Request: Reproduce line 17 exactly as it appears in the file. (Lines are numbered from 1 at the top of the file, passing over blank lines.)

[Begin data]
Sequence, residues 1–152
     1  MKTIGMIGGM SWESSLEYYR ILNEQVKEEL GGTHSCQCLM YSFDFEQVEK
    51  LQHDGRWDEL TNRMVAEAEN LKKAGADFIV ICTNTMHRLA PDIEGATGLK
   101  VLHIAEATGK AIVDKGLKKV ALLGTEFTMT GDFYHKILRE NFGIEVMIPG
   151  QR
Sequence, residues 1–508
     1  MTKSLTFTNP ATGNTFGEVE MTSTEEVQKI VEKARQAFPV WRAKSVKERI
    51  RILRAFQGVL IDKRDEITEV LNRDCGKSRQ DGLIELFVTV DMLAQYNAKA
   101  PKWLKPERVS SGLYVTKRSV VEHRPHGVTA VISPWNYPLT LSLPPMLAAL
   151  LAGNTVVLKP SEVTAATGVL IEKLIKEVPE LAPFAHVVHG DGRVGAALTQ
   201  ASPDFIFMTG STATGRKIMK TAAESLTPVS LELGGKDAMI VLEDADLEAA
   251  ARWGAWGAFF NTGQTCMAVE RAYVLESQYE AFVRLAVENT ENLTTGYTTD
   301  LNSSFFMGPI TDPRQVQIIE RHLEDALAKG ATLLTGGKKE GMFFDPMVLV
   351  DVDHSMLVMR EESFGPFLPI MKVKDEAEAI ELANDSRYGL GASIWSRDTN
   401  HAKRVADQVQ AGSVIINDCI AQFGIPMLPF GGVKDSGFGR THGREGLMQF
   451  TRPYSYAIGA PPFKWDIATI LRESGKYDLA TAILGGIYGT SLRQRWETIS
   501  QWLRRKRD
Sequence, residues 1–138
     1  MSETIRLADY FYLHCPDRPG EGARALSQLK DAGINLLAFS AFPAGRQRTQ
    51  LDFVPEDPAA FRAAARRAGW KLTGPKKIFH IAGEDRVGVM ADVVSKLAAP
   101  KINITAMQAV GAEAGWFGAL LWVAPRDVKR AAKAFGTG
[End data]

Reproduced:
   501  QWLRRKRD